He was a three-year starter at Utah who set school records with 712 attempts, 4,067 yards, 38 TDs and 18 100-yard games.

If the Colts plan on maintaining some type of balance with their one-two punch – it would seem the scales should tip in Taylor’s direction to some degree considering Irsay’s hefty investment – might Taylor and Moss have to adjust their approach?

Ask most feature backs and they’ll take as many attempts as possible. A steady workload can lead to a back getting into a rhythm.

“It’s not that difficult,’’ Taylor said of fewer attempts. “I think the main thing is if you prepare the right way and go into the game and you know the looks you’re supposed to get – of course, they may be different looks – but if you come into the game prepared . . . everyone is ready when their number is called.’’

Moss admitted splitting carries could be an issue, but noted the Colts have a solid running backs room and an offensive scheme that’s conducive to any player thriving.

Taylor insisted splitting time isn’t difficult and pointed to his three seasons at Wisconsin.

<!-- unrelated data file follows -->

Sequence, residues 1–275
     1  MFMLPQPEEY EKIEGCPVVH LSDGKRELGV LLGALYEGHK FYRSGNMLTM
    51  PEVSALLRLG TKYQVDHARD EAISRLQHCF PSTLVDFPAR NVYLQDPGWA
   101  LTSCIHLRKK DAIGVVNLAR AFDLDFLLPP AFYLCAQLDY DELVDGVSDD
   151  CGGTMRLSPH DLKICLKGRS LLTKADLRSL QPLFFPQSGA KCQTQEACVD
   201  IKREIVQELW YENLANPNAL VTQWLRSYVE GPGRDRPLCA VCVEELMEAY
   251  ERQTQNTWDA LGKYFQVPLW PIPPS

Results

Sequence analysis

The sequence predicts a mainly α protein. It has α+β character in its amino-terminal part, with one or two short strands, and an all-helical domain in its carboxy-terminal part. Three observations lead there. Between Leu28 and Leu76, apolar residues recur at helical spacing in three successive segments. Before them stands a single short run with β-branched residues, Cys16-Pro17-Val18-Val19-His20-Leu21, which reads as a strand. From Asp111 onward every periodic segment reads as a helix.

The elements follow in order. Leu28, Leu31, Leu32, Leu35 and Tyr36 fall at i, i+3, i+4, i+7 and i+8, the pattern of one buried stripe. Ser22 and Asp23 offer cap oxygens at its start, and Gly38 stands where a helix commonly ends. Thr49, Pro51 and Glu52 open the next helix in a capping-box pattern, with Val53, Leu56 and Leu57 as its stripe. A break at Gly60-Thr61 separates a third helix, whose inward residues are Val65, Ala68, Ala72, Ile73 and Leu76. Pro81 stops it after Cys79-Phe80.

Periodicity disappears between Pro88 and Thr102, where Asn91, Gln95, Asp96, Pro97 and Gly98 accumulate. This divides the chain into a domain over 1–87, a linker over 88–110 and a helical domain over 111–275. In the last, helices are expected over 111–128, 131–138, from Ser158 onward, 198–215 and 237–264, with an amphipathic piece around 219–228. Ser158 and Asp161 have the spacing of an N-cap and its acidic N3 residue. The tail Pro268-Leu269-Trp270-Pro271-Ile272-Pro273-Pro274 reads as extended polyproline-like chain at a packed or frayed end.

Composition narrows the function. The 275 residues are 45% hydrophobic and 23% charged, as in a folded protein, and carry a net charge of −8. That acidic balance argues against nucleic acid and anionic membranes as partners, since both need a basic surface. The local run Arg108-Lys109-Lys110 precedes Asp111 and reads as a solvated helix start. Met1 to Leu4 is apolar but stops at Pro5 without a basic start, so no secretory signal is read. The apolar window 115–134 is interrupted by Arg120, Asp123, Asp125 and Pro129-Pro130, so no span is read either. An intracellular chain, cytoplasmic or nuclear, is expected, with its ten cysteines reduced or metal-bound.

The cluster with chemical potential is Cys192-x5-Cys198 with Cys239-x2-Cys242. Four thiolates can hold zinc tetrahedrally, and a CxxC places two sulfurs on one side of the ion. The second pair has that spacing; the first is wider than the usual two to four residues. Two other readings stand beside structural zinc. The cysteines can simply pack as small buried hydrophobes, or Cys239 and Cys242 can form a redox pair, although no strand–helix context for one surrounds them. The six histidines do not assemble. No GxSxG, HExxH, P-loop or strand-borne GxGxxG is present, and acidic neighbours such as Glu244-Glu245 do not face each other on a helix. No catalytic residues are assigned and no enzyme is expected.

“No, I actually shared some time in Wisconsin and it’s actually fun because you get to see some of your brothers go out there and live their dreams and make plays and it’s even better when you are winning games,’’ he said.

That’s massaging history to make a point.

In three years at Wisconsin, Taylor was the prolific workhorse. He handled 926 carries for 6,174 yards and 50 TDs. He averaged 22.6 rushes per game and 308.7 per season.

His per-season workload: 320 carries in 2019, 307 in ’18 and 299 in ’17. During that stretch, no other Badger had more than 98 attempts.

Center Ryan Kelly isn’t concerned about whichever back is lined up in the backfield.

“Not really,’’ he said. “That room is coached pretty consistently. They all have their little twists and what they like and what they do.

“But no. If we make the hole wide enough, it doesn’t matter who’s back there.’’

The Colts’ run game ranks No. 9 in yards per game (129) and No. 6 in yards per attempt (4.5).

Sunday offers an opportunity to enhance those rankings regardless of how Steichen divvies up the carries. Carolina’s run defense ranks No. 29 in yards per game (139.4) and No. 28 in yards per attempt (4.7).

You can follow Mike Chappell on X, formerly known as Twitter, at @mchappell51.